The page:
Joannes Cincinnius' Annotations
The hand of Johann Kruyshaar of Lippstadt (1484 – 1555), better known as Joannes Cincinnius, is obviously present throughout this copy of the Nuremberg Chronicle. In fact, this copy is special because Joannes coloured it, annotated it, and documented his life at the abbey in it. Through this copy of the Nuremberg Chronicle, we have a window into the readership history of this particular text. We can gauge Joannes' opinion on various saints and martyrs by looking at which figures have spiders drawn next to them. While he may have only drawn six legs, they are spiders next to the images. Spiders were associated with the devil and heretics who trap or tempt others into sin. His catalogue of abbots at the Imperial abbey of Werden present an opportunity to study the history of that abbey. His list is also in line with the purpose of the text he records it in; he created a chronology of the past abbots. Finally, under the colophon, Joannes details when he coloured and annotated the text. It is rare that we know who coloured a book and can read a full explanation of when and why. This note especially will be of interest to those researching readership history.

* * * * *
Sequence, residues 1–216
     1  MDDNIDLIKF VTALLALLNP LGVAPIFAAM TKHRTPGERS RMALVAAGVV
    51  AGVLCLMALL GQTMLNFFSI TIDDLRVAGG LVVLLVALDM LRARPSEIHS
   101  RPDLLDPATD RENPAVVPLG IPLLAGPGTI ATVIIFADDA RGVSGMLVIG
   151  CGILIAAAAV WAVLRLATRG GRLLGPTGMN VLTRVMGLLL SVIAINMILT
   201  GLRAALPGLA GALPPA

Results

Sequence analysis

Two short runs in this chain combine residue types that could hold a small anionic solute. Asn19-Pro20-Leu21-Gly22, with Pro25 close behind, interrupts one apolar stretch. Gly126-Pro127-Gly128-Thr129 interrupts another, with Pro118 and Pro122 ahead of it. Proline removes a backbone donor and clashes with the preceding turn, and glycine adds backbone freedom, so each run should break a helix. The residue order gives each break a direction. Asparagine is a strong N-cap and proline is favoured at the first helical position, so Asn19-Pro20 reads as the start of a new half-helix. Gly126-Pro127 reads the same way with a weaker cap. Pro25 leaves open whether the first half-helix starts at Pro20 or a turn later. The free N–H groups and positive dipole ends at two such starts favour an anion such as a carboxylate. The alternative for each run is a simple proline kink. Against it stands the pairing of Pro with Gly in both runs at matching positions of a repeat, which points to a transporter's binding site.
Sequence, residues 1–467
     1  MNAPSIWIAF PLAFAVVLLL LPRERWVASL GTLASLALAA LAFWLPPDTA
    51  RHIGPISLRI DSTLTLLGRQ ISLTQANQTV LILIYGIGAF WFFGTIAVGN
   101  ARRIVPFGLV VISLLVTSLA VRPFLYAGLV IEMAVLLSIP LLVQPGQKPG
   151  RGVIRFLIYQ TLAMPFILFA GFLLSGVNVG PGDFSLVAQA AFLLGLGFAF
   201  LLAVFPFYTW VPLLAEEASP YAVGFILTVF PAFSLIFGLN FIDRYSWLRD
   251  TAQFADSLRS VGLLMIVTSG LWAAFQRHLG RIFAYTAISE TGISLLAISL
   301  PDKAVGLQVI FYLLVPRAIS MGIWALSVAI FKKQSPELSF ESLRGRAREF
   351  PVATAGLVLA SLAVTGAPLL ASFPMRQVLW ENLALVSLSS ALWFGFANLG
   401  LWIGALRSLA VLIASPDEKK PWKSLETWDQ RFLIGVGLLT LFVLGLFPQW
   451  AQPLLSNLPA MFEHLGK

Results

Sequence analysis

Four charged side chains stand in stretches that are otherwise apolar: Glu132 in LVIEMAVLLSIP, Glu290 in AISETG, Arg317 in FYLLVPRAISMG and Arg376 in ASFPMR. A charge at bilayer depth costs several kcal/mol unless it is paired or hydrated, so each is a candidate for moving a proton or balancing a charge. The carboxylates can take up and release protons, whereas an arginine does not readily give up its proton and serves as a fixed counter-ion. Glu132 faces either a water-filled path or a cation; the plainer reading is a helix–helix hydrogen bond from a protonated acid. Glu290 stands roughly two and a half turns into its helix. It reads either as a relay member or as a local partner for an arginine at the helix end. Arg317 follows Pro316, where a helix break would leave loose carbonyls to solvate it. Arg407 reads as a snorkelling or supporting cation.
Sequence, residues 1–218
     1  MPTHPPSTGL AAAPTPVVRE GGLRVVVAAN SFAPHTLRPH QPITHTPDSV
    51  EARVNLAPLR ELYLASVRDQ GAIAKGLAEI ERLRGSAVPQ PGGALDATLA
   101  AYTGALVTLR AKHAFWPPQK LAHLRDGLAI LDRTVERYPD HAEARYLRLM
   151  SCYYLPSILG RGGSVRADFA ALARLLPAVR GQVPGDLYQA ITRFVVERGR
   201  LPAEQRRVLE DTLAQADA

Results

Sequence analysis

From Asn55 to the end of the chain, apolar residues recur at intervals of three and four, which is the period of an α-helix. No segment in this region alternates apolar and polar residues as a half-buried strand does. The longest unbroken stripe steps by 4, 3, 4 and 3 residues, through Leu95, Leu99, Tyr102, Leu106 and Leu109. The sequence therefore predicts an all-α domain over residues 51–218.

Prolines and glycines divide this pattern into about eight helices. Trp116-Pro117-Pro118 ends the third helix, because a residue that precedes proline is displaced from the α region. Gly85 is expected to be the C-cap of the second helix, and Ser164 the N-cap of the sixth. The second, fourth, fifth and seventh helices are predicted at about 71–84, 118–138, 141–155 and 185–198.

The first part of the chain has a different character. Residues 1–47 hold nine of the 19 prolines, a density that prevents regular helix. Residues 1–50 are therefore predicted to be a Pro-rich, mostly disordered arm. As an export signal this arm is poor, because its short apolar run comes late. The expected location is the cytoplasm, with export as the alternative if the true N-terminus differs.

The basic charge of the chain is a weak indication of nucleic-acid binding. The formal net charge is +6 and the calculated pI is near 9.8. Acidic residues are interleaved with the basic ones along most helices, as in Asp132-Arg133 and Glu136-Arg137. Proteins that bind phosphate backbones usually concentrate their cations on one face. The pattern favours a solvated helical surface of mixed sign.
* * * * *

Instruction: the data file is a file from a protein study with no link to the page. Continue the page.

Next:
Joannes Cincinnius' annotations also provide examples of the relationship of manuscript to print. Like the Edward IV letter, Joannes has a clear legible hand similar to the chancery hand used to write the letter. Furthermore, he takes design inspiration from the print text. Joannes imitates the page layout of the Nuremberg Chronicle keeping consistent headings. The diamond shaped note below the colophon is reminiscent of page design used by 16th-century humanist printers.
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